3. Nurturing Leads. Done strategically, you can begin to have two-way conversations with prospective clients and influencers and gain extremely valuable information in the process. Engaging content can increase traffic to your website and from there you can begin to use your website to nurture leads. Inbound marketing systems can capture prospective clients’ details, which become your ‘top-of-funnel’ prospects, which you can then nurture through automated email campaigns. Your targeted content, on a relevant social media platform, should attract prospects to your website to entice them to engage further with you and your brand. Once a prospect visits your website, there they should find quality thought leadership content, such as research reports or whitepapers, that are ‘gated’ (i.e. the prospect needs to fill in a form to download it), which allows you to capture their details.
  4. Engaging Employees. The key to a positive corporate culture is trust. Employees need to trust the leadership team and, equally, leaders need to trust employees to do the best job they can do. Ultimately, your engaged employees will deliver exceptional service to your clients, which, in turn, creates brand engagement and brand loyalty, so it’s worth spending time and money on developing and implementing employee engagement strategies and initiatives. Instead of implementing policies to try to prevent team members from using social media at work, more and more firms are incorporating their employees’ social media enthusiasm into their marketing. When your team is on social media anyway, it’s only a short step to encourage and engage employees in social media marketing and create new social media ambassadors for your firm. As your employees promote your firm, values, and culture on their own social media accounts, make sure they are empowered to maintain their individual voices. Genuine posts are more important than marketing speak. Encourage them to be honest and portray the firm in a positive light as they add their own spin to a post or topic. Some firms also have internal social networks, such as Yammer, encouraging employees to collaborate and engage with the firm’s leadership and strategy.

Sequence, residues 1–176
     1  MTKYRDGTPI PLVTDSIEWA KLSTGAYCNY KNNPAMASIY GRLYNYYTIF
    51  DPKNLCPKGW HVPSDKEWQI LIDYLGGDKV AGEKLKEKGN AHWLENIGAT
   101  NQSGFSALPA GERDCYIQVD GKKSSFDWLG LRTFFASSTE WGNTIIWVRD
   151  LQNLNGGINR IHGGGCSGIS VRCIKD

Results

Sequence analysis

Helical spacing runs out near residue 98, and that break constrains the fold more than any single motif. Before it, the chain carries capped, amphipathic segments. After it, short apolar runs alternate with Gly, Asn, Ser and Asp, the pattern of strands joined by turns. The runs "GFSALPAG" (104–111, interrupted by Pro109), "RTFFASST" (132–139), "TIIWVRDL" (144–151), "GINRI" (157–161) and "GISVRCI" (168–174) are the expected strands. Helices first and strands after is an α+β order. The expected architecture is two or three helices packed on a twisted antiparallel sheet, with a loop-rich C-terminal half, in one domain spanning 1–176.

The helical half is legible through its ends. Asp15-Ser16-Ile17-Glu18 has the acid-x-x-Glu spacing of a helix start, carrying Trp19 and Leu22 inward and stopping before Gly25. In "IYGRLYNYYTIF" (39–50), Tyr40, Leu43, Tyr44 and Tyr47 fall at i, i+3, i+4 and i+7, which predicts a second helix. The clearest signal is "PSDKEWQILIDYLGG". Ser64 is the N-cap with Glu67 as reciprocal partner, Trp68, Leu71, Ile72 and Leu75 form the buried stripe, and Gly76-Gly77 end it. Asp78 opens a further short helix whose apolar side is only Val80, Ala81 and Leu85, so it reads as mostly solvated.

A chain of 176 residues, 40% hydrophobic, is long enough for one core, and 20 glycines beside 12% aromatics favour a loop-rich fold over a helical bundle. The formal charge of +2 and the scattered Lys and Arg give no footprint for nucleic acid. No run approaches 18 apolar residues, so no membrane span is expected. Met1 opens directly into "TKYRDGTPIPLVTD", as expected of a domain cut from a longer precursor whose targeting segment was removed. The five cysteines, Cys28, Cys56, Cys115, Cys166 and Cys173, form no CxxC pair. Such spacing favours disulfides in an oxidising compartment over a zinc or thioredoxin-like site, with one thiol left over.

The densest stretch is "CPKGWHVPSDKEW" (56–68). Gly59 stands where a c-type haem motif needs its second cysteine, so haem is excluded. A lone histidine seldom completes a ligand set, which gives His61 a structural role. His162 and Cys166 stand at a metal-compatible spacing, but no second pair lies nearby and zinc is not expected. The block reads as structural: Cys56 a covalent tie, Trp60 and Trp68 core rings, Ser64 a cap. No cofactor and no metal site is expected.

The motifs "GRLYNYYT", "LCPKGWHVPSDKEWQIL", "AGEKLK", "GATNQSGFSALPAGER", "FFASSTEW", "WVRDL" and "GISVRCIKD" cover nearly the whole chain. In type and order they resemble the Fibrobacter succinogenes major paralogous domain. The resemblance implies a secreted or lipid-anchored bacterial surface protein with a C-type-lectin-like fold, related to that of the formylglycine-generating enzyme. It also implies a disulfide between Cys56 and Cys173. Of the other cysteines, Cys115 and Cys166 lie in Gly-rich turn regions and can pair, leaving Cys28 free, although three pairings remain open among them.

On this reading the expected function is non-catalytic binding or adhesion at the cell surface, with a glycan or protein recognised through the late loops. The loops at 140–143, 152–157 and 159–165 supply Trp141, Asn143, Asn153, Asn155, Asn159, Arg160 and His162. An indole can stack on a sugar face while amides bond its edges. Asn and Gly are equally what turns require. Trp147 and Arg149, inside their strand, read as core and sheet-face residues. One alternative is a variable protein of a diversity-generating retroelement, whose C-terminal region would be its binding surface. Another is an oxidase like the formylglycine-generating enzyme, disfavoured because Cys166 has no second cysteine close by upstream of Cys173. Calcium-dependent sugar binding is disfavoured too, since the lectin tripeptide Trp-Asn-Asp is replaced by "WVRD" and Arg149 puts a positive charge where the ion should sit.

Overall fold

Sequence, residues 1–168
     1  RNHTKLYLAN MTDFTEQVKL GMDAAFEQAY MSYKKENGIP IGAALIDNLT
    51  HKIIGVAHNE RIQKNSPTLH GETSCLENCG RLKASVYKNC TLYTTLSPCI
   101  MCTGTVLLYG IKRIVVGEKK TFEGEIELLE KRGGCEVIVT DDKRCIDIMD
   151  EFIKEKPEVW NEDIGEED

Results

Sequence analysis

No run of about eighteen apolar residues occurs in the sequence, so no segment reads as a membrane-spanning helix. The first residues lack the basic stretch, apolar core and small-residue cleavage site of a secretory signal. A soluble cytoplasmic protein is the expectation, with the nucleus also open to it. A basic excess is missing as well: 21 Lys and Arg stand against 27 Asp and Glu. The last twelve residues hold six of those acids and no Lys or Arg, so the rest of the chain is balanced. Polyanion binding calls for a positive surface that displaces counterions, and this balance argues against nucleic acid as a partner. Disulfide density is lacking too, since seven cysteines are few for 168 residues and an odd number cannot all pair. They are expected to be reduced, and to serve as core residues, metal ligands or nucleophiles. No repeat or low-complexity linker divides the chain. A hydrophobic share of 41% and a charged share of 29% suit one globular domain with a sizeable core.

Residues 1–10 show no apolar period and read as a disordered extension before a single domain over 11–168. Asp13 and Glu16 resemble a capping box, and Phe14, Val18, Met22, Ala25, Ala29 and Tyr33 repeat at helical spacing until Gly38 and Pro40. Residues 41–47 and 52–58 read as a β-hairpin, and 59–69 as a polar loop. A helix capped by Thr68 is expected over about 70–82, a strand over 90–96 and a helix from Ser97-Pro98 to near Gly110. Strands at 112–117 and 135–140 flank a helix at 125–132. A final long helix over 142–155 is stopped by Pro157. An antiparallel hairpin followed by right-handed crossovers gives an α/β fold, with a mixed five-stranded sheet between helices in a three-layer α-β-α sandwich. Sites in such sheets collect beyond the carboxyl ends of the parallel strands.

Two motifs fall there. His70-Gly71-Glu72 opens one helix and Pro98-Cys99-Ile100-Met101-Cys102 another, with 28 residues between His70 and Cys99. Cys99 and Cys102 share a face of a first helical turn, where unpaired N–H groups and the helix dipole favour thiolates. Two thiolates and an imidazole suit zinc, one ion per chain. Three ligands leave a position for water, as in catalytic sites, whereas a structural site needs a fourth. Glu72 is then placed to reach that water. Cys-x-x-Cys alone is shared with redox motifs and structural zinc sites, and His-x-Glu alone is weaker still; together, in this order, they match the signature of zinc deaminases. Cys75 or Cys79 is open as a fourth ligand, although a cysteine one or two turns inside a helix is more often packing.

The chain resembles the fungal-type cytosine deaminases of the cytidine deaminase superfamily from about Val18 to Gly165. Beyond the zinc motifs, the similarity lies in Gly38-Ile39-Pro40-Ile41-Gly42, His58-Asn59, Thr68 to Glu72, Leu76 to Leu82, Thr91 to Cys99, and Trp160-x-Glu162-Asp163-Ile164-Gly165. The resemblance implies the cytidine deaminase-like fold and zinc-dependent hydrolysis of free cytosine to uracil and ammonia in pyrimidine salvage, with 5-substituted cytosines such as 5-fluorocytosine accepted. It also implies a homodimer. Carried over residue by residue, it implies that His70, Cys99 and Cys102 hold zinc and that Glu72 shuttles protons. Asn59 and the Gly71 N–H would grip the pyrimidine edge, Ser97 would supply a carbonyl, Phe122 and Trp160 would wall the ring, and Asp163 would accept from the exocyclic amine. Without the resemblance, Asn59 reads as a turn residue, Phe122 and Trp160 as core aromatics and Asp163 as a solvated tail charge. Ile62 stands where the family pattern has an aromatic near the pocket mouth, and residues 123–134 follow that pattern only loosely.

5. Nurturing Relationships. Once you’ve initiated and developed new relationships, social media can help you maintain them. Clients can keep up to date with important news items and relationships with referral sources can also be maintained. You can interact with their posts and activity and they can follow your content, which helps them know how you can help their clients. If relationships aren’t well managed and you aren’t connecting as often as you need to, because you are busy looking after everything else in your world, they may not be secure. The ultimate business relationship is a symbiotic relationship, i.e. one that is mutually beneficial. Social media can be utilised to help you maintain stronger relationships.

If you would like more information on developing a social media strategy for your relationship-driven business, or Sales Navigator for business development, please contact me.